Haverty Furniture: A Small-Cap – GuruFocus.com

by HomeDecorBeauty

Haverty Furniture Company (Ultra high pressure, finance) fly under the radar of most investors. That’s not surprising, as it closed on June 23 with a market cap of just $418.89 million.

However, I believe this stock deserves more attention. It has a GF score of 94 out of 100, one of the highest scores among thousands of listed stocks. It has excellent fundamentals, looks undervalued on several metrics, and has a dividend yield of over 4%.

About Haverty

Haverty, or Havertys Furniture as it refers to its retail locations, was founded in 1885 and is headquartered in Atlanta, Georgia. According to its website, it is a full-service home improvement retailer with more than 120 showrooms in 16 states in the South and Midwest, offering a wide range of items in the mid-to-high price range.

A typical client base is described in the 2021 10-K as follows: “Havertys clients are typically well-educated women from upper-middle-income households. They typically own homes in the suburbs, and their diverse personalities are reflected in their unique sense of style. .”

Because household goods are deferrable, the industry is sensitive to economic cycles. With some economic watchers now warning of a possible recession, investors should heed the following warning in the 10-K: “Consumer confidence and demand for household goods could deteriorate if the current economic recovery falters or the current housing recovery starts to stall. , which could adversely affect our business by affecting the performance of our stores.”

Meanwhile, Haverty has been in the business since 1885 and has seen many slow periods, many recessions and even some depressions. Given its stellar financial strength, it should emerge from the other end of the recession intact.


As the 10-K points out, the retail side of home furnishing is fragmented and competitive. There are many other furniture retailers, as well as furniture manufacturers who run their own retail stores and department stores. This level of fragmentation has increased as e-commerce channels have grown.

Although it is a relatively small company, it claims to have several competitive advantages:

  • A product mix that appeals to affluent customers better than price-oriented stores.
  • A more practical online business than many competitors.
  • Custom features such as free on-site design and just-in-time delivery.

financial strength

Below is a screenshot of the company’s GuruFocus financial strength summary:

It ranks surprisingly low in the 6 out of 10 ranking for a company with no short-term or long-term debt, but it does have $197 million in long-term capital lease obligations and $162 million in cash and cash equivalents, So it needs to continue to generate cash to pay rent.

Despite its middling financial strength ranking, an Altman Z-Score of 3.51 suggests Haverty is unlikely to be at risk of bankruptcy within the next two years.

This is reinforced by the company’s ability to create value for shareholders. The Weighted Cost of Capital (WACC) was 7.87%, while the Return on Invested Capital (ROIC) was 17.30%.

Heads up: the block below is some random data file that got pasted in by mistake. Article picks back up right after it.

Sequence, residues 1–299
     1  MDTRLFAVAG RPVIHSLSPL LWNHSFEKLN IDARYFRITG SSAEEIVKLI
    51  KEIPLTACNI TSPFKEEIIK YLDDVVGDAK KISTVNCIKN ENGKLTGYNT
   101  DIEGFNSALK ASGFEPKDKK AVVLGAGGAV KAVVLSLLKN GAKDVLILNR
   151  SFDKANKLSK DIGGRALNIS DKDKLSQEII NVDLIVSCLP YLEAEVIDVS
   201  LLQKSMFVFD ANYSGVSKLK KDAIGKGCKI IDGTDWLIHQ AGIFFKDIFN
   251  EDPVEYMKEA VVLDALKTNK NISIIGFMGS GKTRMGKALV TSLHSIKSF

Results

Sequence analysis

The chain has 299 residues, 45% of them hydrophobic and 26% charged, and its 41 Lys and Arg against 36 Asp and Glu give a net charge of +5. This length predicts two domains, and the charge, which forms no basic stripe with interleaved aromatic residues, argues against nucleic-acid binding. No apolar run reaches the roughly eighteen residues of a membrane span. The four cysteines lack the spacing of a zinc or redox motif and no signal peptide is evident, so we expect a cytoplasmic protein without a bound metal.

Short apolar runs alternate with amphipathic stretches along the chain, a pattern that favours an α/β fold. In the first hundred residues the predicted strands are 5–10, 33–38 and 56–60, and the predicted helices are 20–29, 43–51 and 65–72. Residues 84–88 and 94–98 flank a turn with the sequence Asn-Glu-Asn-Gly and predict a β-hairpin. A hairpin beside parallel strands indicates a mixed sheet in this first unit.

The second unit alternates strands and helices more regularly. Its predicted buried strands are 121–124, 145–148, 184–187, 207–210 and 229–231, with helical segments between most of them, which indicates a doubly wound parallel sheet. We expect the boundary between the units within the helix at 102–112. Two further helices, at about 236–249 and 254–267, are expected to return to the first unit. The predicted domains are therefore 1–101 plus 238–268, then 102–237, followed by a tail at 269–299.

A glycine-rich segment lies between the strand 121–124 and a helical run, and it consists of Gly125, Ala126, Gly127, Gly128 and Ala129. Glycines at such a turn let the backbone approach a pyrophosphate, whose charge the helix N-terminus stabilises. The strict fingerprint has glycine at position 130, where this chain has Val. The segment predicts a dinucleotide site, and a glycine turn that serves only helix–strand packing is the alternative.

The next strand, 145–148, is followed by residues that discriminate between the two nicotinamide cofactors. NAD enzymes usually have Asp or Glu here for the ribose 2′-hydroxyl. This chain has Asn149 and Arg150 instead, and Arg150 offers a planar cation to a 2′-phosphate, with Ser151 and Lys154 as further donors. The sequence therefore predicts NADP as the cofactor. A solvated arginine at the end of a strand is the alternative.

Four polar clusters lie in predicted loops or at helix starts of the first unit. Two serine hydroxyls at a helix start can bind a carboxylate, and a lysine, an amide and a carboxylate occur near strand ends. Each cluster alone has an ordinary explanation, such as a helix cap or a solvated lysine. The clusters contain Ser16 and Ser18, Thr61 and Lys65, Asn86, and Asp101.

Haverty scores close to a perfect score for profitability, but falls short of a perfect 10 (out of 10) for several reasons.


First, the operating margin in 2021 is a whopping 11.70%, but it has been in the mid-single digits for most of the past decade.

Second, there are issues of consistency and predictability of profitability. It has a business predictability rating of 3.5 out of 5.


Dividends and buybacks


Shares traded at $24.95 at the close on June 24, and Haverty’s dividend yielded 4.01%. That’s a very good yield, in part due to a drop in the stock price.


Shareholders have also seen modest gains from an average of 1.93% annual share buybacks over the past decade.



The share price has surprised Haverty investors several times. When we add the trendline, it seems to have returned to the mean:


In the short term, we can say that the company is already severely undervalued. But in the long run, the valuation is reasonable.

Its price-to-earnings ratio is as low as 5.14, about a third of the industry median of 15.26. According to GuruFocus, it is cheaper than 91.13% of the 778 companies in the retail cycle industry.

The five-year Ebitda growth rate is 10.00% per annum, which results in a PEG ratio of 0.51, which indicates that the stock is undervalued.

According to the GF Value Chart, the stock is moderately undervalued:


Haverty has a business predictability score of 3.5 out of 5, so a discounted cash flow (DCF) calculator might also be helpful. I ran the GuruFocus DCF calculator for stocks using the following assumptions:


These assumptions include an annual growth rate of 17.30% in the growth phase. As you’ll recall from the EPS chart shown above, this metric has skyrocketed in 2020 and 2021. Cautious investors should assume that this accelerated growth will not continue.

GF scores higher than most stocks, with 94 out of 100:



Five gurus held shares in Haverty at the end of the first quarter, with the following three holding the largest positions:

  • Jim Simmons

    Renaissance Technologies (Trades, Portfolio) reduced its company holdings by 6.16% and ended the quarter with 1,083,606 shares. This represents 6.49% of Haverty’s outstanding shares and 0.03% of the fund’s assets under management.
  • Hotchkis & Wiley ended the quarter up 25.48% with 350,950 shares.
  • Chuck Royce

    Royce Investment Partners (Trades, Portfolio) cut 18.72% to 349,475 shares.

in conclusion

In my opinion, Haverty Furniture deserves the attention of investors buying small-cap value stocks — especially those who want an undervalued stock with good fundamentals and an above-average dividend. However, given the current likelihood of a recession, investors may want to consider how Haverty will fare if the economy slows.


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